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Saturday, May 21, 2011
Beat the heat

By Amanda MacMillan

The course for Lavaman Triathlon on Hawaii's Big Island winds over sandy beaches, down a treeless highway, and -- you guessed it -- lava rock in 90-degree temps. It was my first race of the year, and I knew I was in for quite a rude awakening. For the past six months, I'd trained for the Olympic-distance event in near-freezing New York conditions. Besides hitting the sauna at the gym, I'd done little to prepare myself for the sweltering weather ahead of me.

Worried about burning out and getting sick (as I did in a triathlon last summer), I turned to the experts for their advice on how to handle the heat. Here are their top tips to help you keep your cool:

1. Pre-heat your training. It takes at least two weeks for your body to learn how to properly cool down in hotter temps. So schedule at least one workout a week for mid-day, when it's warmest, to get acclimated. "You want to simulate the race environment as much as possible," said Gerry Rott, Lavaman's race director.

2. H20-load. If you're not properly hydrated leading up to race day, it's already too late, said Molly Balfe, a USA Triathlon-certified coach based in Brooklyn, N.Y. "So carry a water bottle everywhere you go the week beforehand, and sip frequently."

On the morning of the event, chug 16 to 20 ounces of fluid one to two hours before the start. "That should give you a good base while giving you enough time to go to the bathroom," said Julie Upton, R.D., a Bay Area-based certified sports nutritionist and ultra-marathon runner. Then gulp six to eight ounces every 15 to 20 minutes on the course; set an alarm on your watch to beep at regular intervals as a reminder. No aid stations or water fountains on your route? Carry a hand-held bottle, hydration pack or fuel belt.

3. Pump up the electrolytes. Along with water, you lose magnesium, potassium and salt when you sweat. "Your body uses these electrolytes to regulate fluids," Upton said. "So a dip in levels can lead to dehydration." That's why pro triathlete and Lavaman champion Bree Wee drinks potassium-rich coconut water, and sprinkles Pacific sea salt on her meals in the week leading up to a big event. (If you're not training or racing hours on end, Upton said there's no need to bump up your sodium intake.) You should also replace electrolytes with some form of sports drink, gel or tablet during each hour of exercise. Test out products and work one into your usual routine.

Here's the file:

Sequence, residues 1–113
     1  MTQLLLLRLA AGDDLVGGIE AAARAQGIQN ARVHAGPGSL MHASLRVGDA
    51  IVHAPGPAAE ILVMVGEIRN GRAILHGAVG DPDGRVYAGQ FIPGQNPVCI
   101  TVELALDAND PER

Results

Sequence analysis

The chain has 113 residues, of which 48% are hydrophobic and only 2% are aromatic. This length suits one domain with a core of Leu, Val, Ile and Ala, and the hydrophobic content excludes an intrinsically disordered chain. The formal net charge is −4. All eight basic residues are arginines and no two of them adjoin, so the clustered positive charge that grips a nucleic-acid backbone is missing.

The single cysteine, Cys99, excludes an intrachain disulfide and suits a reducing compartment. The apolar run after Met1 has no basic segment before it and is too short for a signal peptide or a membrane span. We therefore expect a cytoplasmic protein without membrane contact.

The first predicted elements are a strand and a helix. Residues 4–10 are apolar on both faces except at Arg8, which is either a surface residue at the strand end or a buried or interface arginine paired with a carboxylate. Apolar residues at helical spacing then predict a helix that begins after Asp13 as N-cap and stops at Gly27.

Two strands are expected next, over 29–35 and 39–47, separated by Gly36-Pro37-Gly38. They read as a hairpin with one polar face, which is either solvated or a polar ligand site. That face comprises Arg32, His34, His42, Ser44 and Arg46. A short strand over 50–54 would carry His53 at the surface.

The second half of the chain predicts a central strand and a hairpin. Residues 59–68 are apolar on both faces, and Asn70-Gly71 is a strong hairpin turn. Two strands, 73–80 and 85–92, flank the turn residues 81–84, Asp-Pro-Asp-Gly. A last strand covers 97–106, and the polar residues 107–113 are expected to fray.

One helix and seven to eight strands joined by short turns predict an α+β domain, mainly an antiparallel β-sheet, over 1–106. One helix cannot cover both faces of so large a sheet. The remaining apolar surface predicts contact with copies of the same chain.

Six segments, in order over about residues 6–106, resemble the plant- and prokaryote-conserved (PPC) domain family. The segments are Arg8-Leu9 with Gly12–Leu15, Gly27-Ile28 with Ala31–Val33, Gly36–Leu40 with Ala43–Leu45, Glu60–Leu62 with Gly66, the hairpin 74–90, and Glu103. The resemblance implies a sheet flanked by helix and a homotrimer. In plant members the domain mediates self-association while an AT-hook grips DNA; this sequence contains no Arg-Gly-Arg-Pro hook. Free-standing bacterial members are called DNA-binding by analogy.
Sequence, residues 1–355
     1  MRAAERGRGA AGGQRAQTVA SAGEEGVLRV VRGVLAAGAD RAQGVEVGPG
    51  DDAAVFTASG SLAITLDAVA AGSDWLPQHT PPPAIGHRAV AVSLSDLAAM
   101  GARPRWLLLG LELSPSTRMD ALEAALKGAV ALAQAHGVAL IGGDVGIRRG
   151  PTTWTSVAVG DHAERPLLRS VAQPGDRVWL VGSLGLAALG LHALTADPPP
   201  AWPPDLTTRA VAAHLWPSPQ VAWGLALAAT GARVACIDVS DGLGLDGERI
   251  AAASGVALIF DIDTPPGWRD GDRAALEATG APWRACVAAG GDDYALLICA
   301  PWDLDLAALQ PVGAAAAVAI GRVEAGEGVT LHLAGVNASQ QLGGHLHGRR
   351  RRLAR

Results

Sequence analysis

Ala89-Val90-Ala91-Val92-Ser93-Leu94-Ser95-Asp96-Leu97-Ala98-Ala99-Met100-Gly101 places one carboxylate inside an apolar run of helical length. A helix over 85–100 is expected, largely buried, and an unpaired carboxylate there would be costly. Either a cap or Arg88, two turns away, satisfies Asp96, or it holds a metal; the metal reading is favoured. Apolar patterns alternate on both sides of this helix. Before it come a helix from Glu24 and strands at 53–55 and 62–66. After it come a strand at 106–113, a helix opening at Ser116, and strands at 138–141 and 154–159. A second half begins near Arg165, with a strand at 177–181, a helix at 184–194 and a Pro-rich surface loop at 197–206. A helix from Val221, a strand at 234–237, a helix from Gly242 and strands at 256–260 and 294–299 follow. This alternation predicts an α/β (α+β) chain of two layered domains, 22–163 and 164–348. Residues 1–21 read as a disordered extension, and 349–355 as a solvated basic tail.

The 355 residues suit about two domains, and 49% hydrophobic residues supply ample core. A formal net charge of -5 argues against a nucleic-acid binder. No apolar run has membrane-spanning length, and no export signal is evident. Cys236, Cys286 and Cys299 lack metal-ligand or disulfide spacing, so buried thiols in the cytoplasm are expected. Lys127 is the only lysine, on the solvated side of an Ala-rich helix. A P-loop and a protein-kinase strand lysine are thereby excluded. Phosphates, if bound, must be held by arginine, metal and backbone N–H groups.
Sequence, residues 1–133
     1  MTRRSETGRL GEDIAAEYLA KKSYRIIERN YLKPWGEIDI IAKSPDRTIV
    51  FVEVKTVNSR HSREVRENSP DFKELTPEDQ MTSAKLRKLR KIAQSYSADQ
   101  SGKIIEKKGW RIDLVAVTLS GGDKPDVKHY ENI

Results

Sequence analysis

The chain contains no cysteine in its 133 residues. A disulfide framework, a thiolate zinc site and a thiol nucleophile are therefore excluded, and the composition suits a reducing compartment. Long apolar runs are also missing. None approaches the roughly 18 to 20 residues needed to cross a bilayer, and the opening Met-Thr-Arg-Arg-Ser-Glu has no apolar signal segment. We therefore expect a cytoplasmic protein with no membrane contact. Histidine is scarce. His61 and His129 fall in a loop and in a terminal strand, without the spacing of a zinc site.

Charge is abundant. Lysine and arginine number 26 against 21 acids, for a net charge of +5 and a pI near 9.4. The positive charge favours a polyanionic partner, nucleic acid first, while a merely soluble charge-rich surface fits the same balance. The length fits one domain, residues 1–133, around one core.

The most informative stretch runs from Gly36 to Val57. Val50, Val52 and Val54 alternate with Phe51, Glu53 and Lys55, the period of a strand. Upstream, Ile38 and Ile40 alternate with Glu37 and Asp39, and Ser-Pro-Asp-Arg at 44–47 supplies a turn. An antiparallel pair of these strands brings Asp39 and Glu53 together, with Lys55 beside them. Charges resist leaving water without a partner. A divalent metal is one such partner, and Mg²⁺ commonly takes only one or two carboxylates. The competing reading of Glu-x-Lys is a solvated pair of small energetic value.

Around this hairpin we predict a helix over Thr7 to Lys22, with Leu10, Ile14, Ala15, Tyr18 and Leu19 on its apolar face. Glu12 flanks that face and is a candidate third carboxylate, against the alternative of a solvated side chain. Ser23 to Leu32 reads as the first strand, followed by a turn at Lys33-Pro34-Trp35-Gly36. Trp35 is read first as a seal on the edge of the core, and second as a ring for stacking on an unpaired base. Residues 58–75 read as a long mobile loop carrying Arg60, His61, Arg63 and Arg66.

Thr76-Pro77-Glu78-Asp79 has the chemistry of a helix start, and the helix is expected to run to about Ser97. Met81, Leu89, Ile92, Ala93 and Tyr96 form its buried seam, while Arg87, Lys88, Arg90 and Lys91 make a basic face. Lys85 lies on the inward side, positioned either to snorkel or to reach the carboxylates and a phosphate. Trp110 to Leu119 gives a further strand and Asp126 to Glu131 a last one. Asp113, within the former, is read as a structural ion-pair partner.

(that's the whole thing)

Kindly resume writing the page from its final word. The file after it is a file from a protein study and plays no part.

4. Dress the part. Take it all off? Not if you want to chill out. White or light-colored clothes made from technical fabrics, such as those in the Nike Dri-FIT, Adidas CLIMACOOL and Brooks HVAC lines, wick away sweat to keep you cool and dry. "Also choose a light-colored mesh hat instead of a visor," said Miriam Weiskind, a blogger for Trissential.com, who placed third in her age group at Lavaman. "It prevents your hair from absorbing the sun's heat."

For even more protection, consider cooling sleeves. When runners wore one of these breathable fabric tubes during a 30-minute outdoor jog, their shielded arm remained 3 degrees cooler than the other, reports researchers from the Montana Center for Work Physiology and Exercise Metabolism. Brands to try: CEP and Craft .

5. Cool your jets. The higher your body's core temperature, the harder your workout. To lower that internal thermostat, sip an icy drink or half-frozen Gatorade. According to a 2010 New Zealand study, athletes who downed a "slushie" lasted longer during a sweltering run than those who had cold water.

During the race itself, cool off with ice from the aid stations. "Put a cube in your sports bra, in the back pocket of your jersey, under your hat or down the back of your shorts -- or just hold it in your hands for a few seconds," Wee said. Dumping water (not a sports drink!) over your head can also bring down your temperature. On long runs, Weiskind often carries a small sponge to douse in cold water and stuff down the front of her top between stations.

7. Finish strong. "We see the most people in need of medical attention at the finish line," Rott said. "In my experience, that's when heat affects athletes -- after that last burst of energy and their adrenaline stops pumping." The first thing you should do after pumping your arms in victory? Chug a bottle of water. At Lavaman, participants are given a cold gel pack to lower their body temperature, but you can get the same effect by wrapping a cold, wet towel around your neck.

8. Know when to slow down. The first few times you're out in really hot weather, take it easy and don't push yourself as hard as you usually do. Most important, know the warning signs of dehydration and overheating: If you start to feel weak, dizzy, or nauseous, find some shade and get fluids immediately.